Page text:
The City of Lakes Has Gone Off The Rails

The following article by Joe Soucheray and dated February 1, 2015 was published in the St Paul Pioneer Press.

The City of Lakes Has Gone Off The Rails

Having not previously weighed in, and realizing that it is probably too late — a fellow has been busy with our own train problems in St. Paul — the city of Minneapolis and the Metropolitan Council and all the rest of the new urban visionaries who like to wear tweed jackets and play Europe plan to put a train from Minneapolis to Eden Prairie.Never mind that if you live in Eden Prairie, we should be hard-pressed to rationalize any obligation to get you to Minneapolis.

No, the real problem, and I am not sure this has been brought up, is: What are they going to do with the city’s logo, put a train on it and call Minneapolis the “City of Tracks?”

Why would anyone in their right mind want to put a train through the City of Lakes? What does Minneapolis think it is known for, the latest restaurant in the North Loop that will close in two weeks anyway, the garbage burner, the allure of loft living? One of the best names in all of professional sports is the Lakers. Unfortunately, that name went west to Los Angeles, where it makes no sense, but it sure made sense here.

Minneapolis is the City of Lakes, and now a train is planned to run between Lake of the Isles and Cedar Lake, two the city’s seven most-substantial lakes. I suppose you could argue that a train down University Avenue disrupts only business and not the landscape. But I thought we were supposed to be Earth-conscious or whatever is the latest term for the theology of environmentalism. I thought we were supposed to be husbanding of parks and trails and bodies of water. That they are bodies of urban water is all the more remarkable.

The Minneapolis city logo is the silhouettes of two sailboats above the words “City of Lakes.” There is another logo featuring the city’s skyline, but even in that logo, the tall buildings are reflected in the water beneath them.

Most urgently at issue is whether a tunnel or a bridge will accommodate the train in the Kenilworth Channel that runs between Isles and Cedar. The Metropolitan Council — all unelected, remember — wants to build a bridge. The Minneapolis Park Board wants to spend $500,000 on a study to determine whether a tunnel makes more sense than a bridge, a tunnel being considerably more expensive.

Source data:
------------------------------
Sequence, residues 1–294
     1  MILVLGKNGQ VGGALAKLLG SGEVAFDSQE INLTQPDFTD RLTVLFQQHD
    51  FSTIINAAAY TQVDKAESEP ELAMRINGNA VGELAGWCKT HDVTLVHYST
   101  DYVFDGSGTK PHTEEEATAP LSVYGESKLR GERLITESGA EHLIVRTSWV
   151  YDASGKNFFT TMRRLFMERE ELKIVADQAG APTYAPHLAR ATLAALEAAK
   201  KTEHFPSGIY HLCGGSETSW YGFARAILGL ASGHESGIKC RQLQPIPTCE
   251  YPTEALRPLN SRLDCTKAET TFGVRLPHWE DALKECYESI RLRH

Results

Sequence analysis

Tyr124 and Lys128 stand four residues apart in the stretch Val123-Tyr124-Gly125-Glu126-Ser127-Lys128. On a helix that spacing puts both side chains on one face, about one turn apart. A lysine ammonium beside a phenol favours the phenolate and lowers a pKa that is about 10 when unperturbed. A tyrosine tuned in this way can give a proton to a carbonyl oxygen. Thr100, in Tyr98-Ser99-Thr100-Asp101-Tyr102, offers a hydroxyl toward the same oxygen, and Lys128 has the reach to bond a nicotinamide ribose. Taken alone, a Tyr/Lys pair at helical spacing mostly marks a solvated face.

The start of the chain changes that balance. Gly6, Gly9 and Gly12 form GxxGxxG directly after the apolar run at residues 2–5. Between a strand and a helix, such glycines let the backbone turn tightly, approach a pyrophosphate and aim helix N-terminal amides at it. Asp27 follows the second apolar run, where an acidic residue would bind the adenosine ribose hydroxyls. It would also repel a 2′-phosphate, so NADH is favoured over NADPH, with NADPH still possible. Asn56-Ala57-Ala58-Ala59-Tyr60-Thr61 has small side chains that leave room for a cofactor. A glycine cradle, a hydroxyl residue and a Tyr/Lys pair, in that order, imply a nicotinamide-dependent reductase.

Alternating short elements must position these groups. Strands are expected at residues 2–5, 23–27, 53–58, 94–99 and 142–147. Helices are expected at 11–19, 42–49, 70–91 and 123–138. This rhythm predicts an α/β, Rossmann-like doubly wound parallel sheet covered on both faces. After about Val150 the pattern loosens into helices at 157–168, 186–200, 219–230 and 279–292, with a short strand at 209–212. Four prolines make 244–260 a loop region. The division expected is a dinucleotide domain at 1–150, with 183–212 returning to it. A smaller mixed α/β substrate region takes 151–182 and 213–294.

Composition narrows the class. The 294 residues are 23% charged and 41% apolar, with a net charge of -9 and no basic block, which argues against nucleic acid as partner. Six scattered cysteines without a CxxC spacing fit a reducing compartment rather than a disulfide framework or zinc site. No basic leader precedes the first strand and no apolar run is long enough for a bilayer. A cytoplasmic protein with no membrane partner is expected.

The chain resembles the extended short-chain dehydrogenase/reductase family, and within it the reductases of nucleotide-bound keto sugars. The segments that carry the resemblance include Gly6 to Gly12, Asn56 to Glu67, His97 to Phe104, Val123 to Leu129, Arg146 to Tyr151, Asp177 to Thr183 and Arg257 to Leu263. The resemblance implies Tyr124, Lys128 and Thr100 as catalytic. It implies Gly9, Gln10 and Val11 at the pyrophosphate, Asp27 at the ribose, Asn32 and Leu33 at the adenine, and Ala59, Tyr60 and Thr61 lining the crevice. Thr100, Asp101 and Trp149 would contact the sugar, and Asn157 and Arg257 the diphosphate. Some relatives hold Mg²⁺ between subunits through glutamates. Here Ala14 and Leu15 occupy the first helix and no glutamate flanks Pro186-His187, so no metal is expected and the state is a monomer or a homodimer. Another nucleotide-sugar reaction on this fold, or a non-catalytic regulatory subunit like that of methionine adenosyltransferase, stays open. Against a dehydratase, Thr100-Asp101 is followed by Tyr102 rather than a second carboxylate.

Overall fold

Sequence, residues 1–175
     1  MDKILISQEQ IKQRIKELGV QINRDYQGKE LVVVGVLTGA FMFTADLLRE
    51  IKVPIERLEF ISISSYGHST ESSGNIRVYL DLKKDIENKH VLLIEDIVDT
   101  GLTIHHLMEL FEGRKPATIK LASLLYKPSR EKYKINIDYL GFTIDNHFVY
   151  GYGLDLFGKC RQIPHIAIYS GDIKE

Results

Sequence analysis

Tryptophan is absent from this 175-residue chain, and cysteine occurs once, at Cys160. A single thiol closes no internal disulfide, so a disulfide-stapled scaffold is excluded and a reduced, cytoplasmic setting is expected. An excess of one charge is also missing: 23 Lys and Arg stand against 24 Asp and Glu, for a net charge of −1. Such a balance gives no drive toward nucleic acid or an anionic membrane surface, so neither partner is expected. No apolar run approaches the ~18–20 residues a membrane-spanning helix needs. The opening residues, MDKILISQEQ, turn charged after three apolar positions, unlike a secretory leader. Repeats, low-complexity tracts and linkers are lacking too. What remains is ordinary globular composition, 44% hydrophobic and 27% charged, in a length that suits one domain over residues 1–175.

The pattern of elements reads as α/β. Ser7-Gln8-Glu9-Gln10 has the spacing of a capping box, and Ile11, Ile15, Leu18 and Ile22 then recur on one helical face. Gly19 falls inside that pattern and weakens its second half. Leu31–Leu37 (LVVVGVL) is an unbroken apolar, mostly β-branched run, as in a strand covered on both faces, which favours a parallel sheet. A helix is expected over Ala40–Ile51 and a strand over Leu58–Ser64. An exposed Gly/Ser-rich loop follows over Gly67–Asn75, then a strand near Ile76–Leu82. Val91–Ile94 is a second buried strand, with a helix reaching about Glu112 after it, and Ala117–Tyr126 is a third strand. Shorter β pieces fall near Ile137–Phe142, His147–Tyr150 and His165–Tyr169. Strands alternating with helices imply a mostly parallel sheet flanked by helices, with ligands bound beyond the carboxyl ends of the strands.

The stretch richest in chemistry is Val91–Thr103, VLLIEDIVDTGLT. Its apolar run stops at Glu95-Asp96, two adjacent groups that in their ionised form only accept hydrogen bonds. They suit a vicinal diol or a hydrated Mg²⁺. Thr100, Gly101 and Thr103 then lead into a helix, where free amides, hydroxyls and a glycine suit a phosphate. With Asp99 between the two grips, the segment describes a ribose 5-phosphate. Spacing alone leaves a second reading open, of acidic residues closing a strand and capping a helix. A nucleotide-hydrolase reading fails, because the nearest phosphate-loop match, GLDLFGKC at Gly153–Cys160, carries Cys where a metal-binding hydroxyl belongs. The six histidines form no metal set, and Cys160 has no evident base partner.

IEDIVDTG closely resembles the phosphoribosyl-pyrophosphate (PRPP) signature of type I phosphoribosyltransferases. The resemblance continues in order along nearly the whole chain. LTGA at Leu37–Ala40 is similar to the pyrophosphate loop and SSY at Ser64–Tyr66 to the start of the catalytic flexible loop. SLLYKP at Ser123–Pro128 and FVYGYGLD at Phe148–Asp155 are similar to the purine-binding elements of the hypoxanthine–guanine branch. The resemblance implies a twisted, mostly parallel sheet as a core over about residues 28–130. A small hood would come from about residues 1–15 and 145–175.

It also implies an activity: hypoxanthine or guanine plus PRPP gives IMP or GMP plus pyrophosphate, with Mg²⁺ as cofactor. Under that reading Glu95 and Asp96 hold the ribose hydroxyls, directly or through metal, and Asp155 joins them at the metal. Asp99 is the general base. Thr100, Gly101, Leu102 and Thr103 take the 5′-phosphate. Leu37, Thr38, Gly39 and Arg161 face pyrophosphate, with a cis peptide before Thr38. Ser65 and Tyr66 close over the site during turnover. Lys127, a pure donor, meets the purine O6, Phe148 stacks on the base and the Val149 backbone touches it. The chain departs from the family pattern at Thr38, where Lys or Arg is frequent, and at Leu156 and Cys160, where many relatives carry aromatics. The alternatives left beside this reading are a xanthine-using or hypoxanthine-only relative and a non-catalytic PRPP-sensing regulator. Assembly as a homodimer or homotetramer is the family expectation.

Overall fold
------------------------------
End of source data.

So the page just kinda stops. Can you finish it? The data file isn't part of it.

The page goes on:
Either way, it seems the lakes will lose. As a longtime student of White Bear Lake, which is disappearing, it might make sense to wonder what will happen if the big diggers of a tunnel violate the aquifer, and the next thing you know, the Isles and Cedar are swamps, offering not much of a view to the passengers on the victorious train.

This is progress? To put a train through one of the most lovely urban areas in all of America? Not only is it apparently progress, the governor, knowing that he is on the back nine of his political career and pining for a legacy, has cut the park board’s budget by $1.85 million a year because the board wants to commission that study.

The governor is saying, in essence, “I want a bridge. The Metropolitan Council wants a bridge. Quit stalling and get on board. So long as you park board people want to keep objecting, you are going to lose about $2 million a year. Got it?”

No one is quite sure how to handle a Mark Dayton who has suddenly become a tough guy.

By the way, I am not at all suggesting that the train be routed through a less-affluent neck of the woods. No, I am entirely consistent in my belief that we are not Europe, that trains are an unaffordable folly and that no train should be built at all. We lost over here, and we now have a train that cannot possibly pay for its own operating expenses even if the fares were policed. But at least it was established on the Boulevard of Broken Dreams and did not tear up lakes, parks and trails.

Minneapolis, in its civic insecurity, has always fidgeted around for an identity and now apparently is willing to surrender the great one it had all along.